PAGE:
Bacchus Vinothek in Germany. The price seemed low (50€), and these Vouvrays are known for their ageing potential so I took the plunge. Looking at the intact label and the immaculate cork it’s clear this bottle was at best recorked (and likely refilled?), and at worst it’s not a 1961 at all. It’s an excellent aged Vouvray but it really tastes too young and dynamic to be 48 years old. The colour is also a bit suspect, with green tinges (unlikely in a wine of this age?) to a medium golden whole:

Aromatically it’s dominated by a taut, austere reductive character: not quite stinky but very herby and hayey, with a bit of richness that reminded me of an old Tokaj. On the palate it is very structured with mouth-puckering acidity effectively covering the sweetness, although the demi-sec character is quite pronounced for a wine of this alleged age. There’s also some alcohol (only 12% on the label). A big, structured wine that’s fairly immobile and could easily survive another decade. If you don’t need it to be a genuine 1961 it’s a very fine bottle for the money.

Thierry Allemand Cornas Chaillot 1996
A bin-end from Vienna’s Unger & Klein, sold at 32€ instead of the more usual 60€. Deepish colour especially at core, for the age. It starts fairly barnyardy and reduced on the nose but fortunately isn’t bretty, and with some proper airing this blows off, revealing a fairly engaging nose of crushed raspberries and good vinous depth. Some mild age on the palate but this is far from old. Palate on entry is also pleasant: vaguely varietal and peppery, but the progression is highly disappointing. Basically this just weakens and disappears on the palate. No structure whatsoever: modest acidity (though enough for freshness) and no tannins. There’s a beguiling purity about the whole thing and I can’t say it’s uninteresting but I wouldn’t pay the normal price for it. Perhaps the vintage’s lowly reputation in the northern Rhône is justified after all.

Cosimo Taurino Brindisi Riserva Patriglione 1975
This was another bin-end from a German shop, so obscure they didn’t even know how to price it. Eventually I got away with 35€. In its recent vintages it’s a southern Italian classic I very much enjoy, essentially a modified Salice Salentino (based on the Negroamaro grape) made with an amarone-like technique of drying the grapes to raisins. Fill level is quite and the cork is excellent (certainly recorked) but storage is an issue, as the wine is showing very aged. There’s a leathery, cooked-fruity, vinegary, almost maderised character that some of my diners disliked, though with a bit more experience in Apulian wines I find it fairly typical. This has aged on acidity (and some greenness) but lacks superior dimension or definition. On the other hand a Brindisi red at age 33 in this shape is surely not a bad achievement.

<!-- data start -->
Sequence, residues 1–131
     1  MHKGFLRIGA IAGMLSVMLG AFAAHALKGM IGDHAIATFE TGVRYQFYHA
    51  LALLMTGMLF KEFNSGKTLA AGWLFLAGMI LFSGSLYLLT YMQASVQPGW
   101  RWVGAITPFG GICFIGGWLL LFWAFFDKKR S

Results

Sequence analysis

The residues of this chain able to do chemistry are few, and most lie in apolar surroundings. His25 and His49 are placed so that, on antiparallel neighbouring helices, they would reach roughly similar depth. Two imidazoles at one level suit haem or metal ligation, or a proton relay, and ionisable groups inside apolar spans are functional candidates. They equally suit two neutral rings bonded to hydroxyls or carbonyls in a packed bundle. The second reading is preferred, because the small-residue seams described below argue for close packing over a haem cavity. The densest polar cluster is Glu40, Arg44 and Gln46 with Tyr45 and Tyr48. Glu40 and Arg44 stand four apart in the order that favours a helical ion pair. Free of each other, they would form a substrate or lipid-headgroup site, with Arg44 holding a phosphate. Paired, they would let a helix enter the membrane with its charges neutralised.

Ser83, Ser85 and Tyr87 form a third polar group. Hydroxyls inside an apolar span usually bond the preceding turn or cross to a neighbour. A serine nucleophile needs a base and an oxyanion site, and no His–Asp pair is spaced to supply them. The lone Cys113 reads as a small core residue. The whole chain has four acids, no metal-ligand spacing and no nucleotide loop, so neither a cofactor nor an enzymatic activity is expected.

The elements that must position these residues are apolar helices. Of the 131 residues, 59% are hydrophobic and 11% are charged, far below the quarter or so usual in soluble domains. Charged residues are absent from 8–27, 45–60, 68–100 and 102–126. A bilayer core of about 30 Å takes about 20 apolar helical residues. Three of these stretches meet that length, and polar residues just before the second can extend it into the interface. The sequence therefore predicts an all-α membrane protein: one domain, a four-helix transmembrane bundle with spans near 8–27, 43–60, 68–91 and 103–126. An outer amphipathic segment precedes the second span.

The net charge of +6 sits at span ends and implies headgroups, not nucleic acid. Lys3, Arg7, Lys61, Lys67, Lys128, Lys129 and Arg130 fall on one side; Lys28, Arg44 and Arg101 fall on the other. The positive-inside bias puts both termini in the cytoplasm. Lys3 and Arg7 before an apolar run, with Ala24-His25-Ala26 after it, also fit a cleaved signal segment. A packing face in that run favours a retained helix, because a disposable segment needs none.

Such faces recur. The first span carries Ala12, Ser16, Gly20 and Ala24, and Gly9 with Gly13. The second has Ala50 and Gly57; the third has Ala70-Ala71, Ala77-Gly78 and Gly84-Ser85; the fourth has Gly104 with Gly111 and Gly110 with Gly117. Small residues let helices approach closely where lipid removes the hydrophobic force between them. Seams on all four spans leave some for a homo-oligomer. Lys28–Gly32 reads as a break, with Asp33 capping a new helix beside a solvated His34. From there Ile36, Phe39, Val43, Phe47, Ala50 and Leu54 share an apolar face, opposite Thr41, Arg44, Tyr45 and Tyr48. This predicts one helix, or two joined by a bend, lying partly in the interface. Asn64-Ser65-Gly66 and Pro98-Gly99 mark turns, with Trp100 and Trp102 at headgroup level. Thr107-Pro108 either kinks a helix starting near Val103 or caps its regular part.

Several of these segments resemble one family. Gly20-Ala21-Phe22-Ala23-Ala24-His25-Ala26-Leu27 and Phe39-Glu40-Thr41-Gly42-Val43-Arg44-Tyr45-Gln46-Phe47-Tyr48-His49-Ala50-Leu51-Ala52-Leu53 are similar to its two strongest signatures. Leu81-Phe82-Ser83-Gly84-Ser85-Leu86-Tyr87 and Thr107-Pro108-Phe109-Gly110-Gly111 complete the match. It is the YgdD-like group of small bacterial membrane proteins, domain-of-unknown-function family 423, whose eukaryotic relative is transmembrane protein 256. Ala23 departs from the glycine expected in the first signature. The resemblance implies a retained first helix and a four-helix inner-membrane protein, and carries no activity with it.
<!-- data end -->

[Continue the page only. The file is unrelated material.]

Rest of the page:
Giacomo Borgogno & Figli Barolo Riserva 1947
It’s another
Barolo–Brunello bottle from Stefan Töpler. I paid 149€ for it and whenever I can justify the expense again, I’ll be sure to order some more – an outstanding bottle of wine.
I have had numerous older Barolos from the house of Borgogno, including a fantastically refined 1958, an impressive, brooding 1961 and a gentler 1967. But all came from the producer’s cellar, and were all opened and checked for faults, then refilled with the same wine, recorked and relabelled. Basically you get a Borgogno guarantee that the wine is in good shape. This makes the producer’s prices (the 1961 was 105€ a year ago) even more of a ridiculous bargain.

This bottle was different in that it came from a private cellar and was not refurbished. I can’t tell you much about the cork as at my first attempt to pull it out (with a 2-blade opener instead of a corkscrew) it smoothly dived inside the bottle. But the wine was in fine condition and I must congratulate Mr. Töpler for his sourcing. It’s rare to find wines in such pristine shape even from the 1960s. A moderate amount (i.e., little for the age) of fine-ish sediment. The colour is not bad, surely quite evolved but actually a fairly poetic complex hue ranging from clean ruby at core to amaranth-orange:The one disappointing thing here is the nose. I usually enjoy Barolo as much for its fantastically floral, deep bouquet as for anything else, but here it’s a little lifeless, showing modest notes of raspberries, dominated by a green, briney, animal, damp-cellary, mildly over-the-hill character. But palate is very fresh and alive, with beguiling coffeed complexity. Very good length too. Perhaps not the ultimate Barolo experience (1961, with its remaining power, is more impressive) but very interesting for sure. Last sips at room temperature are really tannic (!), mineral, impressively long and so very much alive.